, Volume 52, Issue 2, pp 187–198 | Cite as

Dietary adaptations of temperate primates: comparisons of Japanese and Barbary macaques

  • Goro Hanya
  • Nelly Ménard
  • Mohamed Qarro
  • Mohamed Ibn Tattou
  • Mieko Fuse
  • Dominique Vallet
  • Aya Yamada
  • Moe Go
  • Hino Takafumi
  • Riyou Tsujino
  • Naoki Agetsuma
  • Kazuo Wada
Original Article


Habitat, diet and leaf chemistry are compared between Japanese and Barbary macaques to reveal the similarities and differences in dietary adaptations of temperate primates living at the eastern and western extremes of the genus Macaca. Tree species diversity and proportion of fleshy-fruited species are much higher in Japan than in North Africa. Both species spend considerable annual feeding time on leaves. Japanese macaques prefer fruits and seeds over leaves, and Barbary macaques prefer seeds. These characteristics are adaptive in temperate regions where fruit availability varies considerably with season, since animals can survive during the lean period by relying on leaf and other vegetative foods. The two species are different with respect to the higher consumption of herbs by Barbary macaques, and the leaves consumed contain high condensed and hydrolysable tannin for Barbary but not for Japanese macaques. Barbary macaques supplement less diverse tree foods with herbs. Because of the low species diversity and high tannin content of the dominant tree species, Barbary macaques may have developed the capacity to cope with tannin. This supports the idea that digestion of leaves is indispensable to survive in temperate regions where fruit and seed foods are not available for a prolonged period during each year.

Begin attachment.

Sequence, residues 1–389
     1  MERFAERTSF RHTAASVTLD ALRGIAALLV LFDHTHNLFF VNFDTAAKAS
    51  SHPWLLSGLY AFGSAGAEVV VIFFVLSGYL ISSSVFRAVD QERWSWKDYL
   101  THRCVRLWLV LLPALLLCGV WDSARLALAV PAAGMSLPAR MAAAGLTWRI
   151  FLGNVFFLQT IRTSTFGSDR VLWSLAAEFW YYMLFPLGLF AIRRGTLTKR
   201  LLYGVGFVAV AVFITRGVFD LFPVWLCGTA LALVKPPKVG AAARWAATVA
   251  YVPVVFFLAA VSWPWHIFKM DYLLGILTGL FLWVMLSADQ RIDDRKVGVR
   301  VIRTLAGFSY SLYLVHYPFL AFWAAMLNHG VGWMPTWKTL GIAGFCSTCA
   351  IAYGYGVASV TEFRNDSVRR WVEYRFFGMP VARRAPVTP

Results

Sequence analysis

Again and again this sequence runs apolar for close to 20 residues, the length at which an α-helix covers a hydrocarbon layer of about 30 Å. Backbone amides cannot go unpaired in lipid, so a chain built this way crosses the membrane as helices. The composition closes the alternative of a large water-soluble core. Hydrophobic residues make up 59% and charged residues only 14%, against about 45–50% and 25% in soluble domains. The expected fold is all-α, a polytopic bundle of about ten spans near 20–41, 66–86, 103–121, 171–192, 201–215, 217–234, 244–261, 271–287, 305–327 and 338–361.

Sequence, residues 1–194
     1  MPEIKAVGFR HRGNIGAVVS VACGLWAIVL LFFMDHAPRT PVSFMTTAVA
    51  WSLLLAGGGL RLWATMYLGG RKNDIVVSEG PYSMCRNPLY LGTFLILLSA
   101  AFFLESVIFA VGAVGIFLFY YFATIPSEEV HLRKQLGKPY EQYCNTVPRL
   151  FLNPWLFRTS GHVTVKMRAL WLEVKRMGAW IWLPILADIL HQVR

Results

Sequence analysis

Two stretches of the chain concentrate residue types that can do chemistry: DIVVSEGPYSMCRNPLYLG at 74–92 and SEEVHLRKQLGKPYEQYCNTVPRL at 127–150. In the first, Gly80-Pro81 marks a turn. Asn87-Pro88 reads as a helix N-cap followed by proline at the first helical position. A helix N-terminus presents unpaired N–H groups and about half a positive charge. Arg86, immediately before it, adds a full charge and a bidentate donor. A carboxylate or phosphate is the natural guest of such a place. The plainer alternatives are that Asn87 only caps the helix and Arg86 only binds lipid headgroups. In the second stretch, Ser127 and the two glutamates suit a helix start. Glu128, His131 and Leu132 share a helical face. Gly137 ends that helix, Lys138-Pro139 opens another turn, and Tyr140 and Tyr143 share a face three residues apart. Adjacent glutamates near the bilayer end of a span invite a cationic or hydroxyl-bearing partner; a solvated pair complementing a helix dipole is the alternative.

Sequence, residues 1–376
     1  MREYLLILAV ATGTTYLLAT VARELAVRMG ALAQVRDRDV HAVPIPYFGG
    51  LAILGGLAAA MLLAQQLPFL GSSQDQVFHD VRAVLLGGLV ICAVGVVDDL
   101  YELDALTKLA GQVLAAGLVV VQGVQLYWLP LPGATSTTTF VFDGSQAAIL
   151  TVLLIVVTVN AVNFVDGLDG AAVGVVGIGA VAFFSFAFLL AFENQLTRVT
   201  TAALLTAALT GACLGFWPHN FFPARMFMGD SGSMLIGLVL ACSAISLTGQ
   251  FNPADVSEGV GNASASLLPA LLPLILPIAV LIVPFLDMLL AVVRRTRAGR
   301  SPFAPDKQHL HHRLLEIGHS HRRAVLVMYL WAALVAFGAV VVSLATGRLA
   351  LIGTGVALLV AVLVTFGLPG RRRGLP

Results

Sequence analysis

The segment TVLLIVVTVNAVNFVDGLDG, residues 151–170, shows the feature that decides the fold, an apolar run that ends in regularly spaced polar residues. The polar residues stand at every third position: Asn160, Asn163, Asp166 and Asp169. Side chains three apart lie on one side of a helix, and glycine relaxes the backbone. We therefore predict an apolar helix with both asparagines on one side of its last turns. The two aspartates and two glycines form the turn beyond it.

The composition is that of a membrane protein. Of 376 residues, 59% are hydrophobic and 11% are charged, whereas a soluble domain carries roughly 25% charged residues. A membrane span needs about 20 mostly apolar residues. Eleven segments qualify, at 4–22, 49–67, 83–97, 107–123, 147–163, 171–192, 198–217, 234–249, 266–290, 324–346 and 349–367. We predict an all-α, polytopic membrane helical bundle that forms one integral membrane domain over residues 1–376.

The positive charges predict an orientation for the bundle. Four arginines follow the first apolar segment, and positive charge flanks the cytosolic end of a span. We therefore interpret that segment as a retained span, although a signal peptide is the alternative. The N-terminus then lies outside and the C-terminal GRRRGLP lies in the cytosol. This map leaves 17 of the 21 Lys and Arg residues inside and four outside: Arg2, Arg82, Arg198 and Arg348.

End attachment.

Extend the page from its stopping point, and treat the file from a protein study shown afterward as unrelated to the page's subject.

Barbary macaque Condensed tannin Japanese macaque Leaf chemistry Temperate forest 



We would like to thank our friends and colleagues who supported our fieldwork in Japan, Morocco and Algeria. The Ministry of Environment and Forestry Agency, Japan, and Haut Commissariat aux Eaux et Forêt et à la Lutte Contre la Désertification, Morocco gave us permission to study in the area. Dr. Y. Tsuji kindly provided his published data. This study was financed by the JSPS Core-to-core Program HOPE, Cooperation Research Program of KUPRI and the MEXT Grant-in-Aid for JSPS Fellows, Grant-in-Aid for Young Scientists (#20770195 and #22687002) to G.H., the 21st Century COE Program (A14) and Global COE Program “Formation of a Strategic Base for Biodiversity and Evolutionary Research: from Genome to Ecosystem”.


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Copyright information

© Japan Monkey Centre and Springer 2011

Authors and Affiliations

  • Goro Hanya
    • 1
  • Nelly Ménard
    • 2
  • Mohamed Qarro
    • 3
  • Mohamed Ibn Tattou
    • 4
  • Mieko Fuse
    • 5
  • Dominique Vallet
    • 2
  • Aya Yamada
    • 1
  • Moe Go
    • 1
  • Hino Takafumi
    • 6
  • Riyou Tsujino
    • 7
  • Naoki Agetsuma
    • 6
  • Kazuo Wada
    • 1
  1. 1.Primate Research Institute, Kyoto UniversityInuyamaJapan
  2. 2.UMR ECOBIO, Station Biologique, CNRS-Université RennesPaimpontFrance
  3. 3.Ecole Nationale Forestière d’IngénieursSaléMorocco
  4. 4.Institut Scientifique, Université Mohammed V-AgdalRabatMorocco
  5. 5.Sasayama Field Station, Kobe UniversitySasayamaJapan
  6. 6.Field Science Center for Northern Biosphere, Hokkaido UniversitySapporoJapan
  7. 7.Research Institute for Humanity and NatureKyotoJapan

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